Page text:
Similarly, a review of the Enforcement Program does nothing to alleviate criticisms of the manner in which the agency is imposing fines.  For example, the U.S. Chamber of Commerce Report on the SEC’s Enforcement Program claims that the agency’s use of financial penalties is inconsistent with the intent of congress.  Congress gave the SEC the authority to inflict financial penalties in the 1990 amendments to the securities laws, known as the Remedies Act.  According to the legislative reports, penalties were not suppose to be inflicted routinely.  Yet a review of the SEC’s Enforcement releases demonstrates that financial penalties are routinely demanded, a point consistent with recent statements by the enforcement staff. 

Furthermore, the references to cooperation in the two examples cited above only muddy the waters.  Cooperation is a sensitive topic because many charge that the current SEC cooperation standards under the Seaboard Report (similar to DOJ’s Thompson and McNulty memos) have contributed significantly to the current “culture of waiver,” where issuers are forced to waive important rights, such as the attorney-client privilege, in order to be viewed as cooperative and try and avoid prosecution.  In the cases cited above, which are typical, there is no explanation of how cooperation impacted in the determination of the penalty.  Supposedly two key SEC policy statements are interacting in the AIG and Federal National Mortgage cases to impact the outcome, but there is no explanation.  Neither Release discusses how the factors cited in the Statement on Penalties are considered.  Neither Release discusses the manner in which cooperation impacted the settlement.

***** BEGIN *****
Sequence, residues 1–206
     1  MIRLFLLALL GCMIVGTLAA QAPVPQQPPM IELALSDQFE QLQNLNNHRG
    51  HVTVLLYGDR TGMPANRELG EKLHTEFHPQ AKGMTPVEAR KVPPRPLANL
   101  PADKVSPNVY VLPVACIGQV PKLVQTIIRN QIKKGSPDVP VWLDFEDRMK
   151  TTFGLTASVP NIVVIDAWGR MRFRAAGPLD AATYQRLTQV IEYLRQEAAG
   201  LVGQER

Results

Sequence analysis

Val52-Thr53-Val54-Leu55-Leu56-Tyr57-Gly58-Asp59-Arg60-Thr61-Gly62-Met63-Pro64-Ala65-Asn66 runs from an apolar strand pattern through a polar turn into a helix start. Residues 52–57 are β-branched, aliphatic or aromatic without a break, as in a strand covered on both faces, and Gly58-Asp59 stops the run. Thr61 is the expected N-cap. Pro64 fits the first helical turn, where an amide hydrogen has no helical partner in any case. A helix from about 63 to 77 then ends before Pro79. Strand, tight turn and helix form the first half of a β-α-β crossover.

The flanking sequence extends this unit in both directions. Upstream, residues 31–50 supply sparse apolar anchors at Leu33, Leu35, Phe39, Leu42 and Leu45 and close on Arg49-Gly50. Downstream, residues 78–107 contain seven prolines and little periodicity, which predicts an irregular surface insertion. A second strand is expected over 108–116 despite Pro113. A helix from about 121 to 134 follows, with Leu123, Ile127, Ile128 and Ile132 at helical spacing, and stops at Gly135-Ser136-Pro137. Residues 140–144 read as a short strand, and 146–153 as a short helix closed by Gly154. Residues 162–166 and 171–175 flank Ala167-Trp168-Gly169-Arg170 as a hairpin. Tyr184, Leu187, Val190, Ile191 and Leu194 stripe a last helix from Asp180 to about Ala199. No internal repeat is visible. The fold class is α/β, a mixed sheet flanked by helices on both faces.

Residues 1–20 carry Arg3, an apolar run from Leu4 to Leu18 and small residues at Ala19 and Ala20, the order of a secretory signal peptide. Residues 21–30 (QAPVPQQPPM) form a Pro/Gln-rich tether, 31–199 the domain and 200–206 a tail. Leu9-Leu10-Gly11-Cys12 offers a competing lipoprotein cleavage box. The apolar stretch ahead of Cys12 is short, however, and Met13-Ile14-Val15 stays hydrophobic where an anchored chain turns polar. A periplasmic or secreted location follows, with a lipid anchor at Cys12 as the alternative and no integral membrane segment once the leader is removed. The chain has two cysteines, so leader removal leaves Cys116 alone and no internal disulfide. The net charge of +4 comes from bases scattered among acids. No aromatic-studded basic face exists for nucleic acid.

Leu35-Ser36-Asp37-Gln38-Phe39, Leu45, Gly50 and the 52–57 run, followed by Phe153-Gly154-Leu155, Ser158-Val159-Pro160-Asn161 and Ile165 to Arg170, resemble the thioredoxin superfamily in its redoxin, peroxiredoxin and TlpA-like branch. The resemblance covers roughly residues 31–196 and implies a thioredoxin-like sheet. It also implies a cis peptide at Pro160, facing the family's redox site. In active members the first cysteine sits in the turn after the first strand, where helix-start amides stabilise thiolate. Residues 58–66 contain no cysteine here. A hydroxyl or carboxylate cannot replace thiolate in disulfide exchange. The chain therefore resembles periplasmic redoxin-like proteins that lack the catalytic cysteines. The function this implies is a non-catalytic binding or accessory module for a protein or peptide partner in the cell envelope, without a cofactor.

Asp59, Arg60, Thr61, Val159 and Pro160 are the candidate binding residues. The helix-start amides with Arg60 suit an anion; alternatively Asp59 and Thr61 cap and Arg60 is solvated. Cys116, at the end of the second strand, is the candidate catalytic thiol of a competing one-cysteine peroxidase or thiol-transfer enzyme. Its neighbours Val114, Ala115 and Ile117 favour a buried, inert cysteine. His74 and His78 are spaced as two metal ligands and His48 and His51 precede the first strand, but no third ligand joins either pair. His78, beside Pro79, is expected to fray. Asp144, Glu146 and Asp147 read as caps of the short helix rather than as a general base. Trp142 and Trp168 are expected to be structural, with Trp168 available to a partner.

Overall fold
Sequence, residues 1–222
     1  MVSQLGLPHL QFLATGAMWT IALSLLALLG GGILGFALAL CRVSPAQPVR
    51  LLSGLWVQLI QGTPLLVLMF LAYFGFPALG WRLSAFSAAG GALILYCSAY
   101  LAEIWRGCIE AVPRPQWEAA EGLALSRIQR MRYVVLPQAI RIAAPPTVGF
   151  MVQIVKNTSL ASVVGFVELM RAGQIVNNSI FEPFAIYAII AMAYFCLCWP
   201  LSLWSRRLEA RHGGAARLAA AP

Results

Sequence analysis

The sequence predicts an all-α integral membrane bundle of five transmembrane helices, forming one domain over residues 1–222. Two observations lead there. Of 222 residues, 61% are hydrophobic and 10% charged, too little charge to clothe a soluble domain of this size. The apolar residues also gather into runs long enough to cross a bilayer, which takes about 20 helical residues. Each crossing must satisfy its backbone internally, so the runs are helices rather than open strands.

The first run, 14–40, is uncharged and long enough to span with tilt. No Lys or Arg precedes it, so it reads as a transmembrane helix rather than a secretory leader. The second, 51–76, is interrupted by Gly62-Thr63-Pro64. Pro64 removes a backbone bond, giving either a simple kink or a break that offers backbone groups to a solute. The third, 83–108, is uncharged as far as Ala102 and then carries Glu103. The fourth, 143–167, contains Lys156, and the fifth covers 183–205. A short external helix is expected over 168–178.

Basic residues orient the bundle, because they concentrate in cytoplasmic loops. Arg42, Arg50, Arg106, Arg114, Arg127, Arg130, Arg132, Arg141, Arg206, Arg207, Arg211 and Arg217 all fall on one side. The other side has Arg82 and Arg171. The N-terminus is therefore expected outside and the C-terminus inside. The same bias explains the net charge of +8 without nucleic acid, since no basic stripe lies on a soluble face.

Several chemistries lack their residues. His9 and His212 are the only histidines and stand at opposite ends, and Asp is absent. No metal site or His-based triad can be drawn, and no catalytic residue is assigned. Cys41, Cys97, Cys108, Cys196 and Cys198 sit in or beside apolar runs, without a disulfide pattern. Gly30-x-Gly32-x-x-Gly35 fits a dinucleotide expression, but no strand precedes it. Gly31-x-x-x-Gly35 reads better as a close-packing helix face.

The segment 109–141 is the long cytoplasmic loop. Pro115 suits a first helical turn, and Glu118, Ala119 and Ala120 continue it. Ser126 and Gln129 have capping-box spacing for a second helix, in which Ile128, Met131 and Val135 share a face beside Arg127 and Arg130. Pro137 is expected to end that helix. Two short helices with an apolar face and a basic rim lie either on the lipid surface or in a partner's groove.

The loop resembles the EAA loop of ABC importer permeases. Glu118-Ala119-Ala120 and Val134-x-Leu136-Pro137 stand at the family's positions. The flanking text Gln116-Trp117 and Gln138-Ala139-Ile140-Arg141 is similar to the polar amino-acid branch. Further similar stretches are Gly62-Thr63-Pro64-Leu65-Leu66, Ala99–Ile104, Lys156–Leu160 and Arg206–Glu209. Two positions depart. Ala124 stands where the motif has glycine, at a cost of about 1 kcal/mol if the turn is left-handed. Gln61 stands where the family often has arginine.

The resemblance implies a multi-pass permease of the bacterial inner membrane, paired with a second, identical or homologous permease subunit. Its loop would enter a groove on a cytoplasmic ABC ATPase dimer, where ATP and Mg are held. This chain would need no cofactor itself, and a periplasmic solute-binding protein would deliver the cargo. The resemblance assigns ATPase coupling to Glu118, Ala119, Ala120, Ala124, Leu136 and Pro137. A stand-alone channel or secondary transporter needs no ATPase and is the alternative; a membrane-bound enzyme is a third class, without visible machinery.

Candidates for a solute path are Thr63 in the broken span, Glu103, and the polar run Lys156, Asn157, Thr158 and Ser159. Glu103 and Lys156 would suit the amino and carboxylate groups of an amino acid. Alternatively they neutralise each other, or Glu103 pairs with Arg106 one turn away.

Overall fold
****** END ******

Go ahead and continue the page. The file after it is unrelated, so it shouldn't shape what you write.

At the same time the SEC staff has defended Seaboard and the use of penalties.  There is no indication at the moment that the SEC will reconsider Seaboard despite the criticism of the standards and a recent letter to Chairman Cox from the ABA  proposing revisions although SEC Commissioner Cox has called for a review of the Release.  The staff has  stated repeatedly that it will continue to seek penalties as in the past.  In view of the criticism of both policies, as the enforcement program moves forward it would seem appropriate for a further clarification of the use of penalties and a revision of Seaboard to eliminate the culture of waiver.
Next:  Key issues in SEC investigations.

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Today we begin a series of posts reviewing 2007 SEC Enforcement trends. SECActions.com will periodically post this series over the next several weeks.  It will analyze the following key points: 1) An overview of the enforcement program; 2) New enforcement policy initiatives; 3) Key developments regarding investigations; 4) Significant cases in 2006; and 7) Trends and key issues for 2007.  

Enforcement Program Overview

During 2006 the number of SEC enforcement cases fell by about 9%.  Some sources have attributed this to budget restrictions.  Enforcement Chief Linda Thomsen, however, noted at a recent ABA program that the reduced number of cases was not significant.  Rather, Ms. Thomsen said that she had reviewed statistics over a number of years and that some years they go up and some years they go down.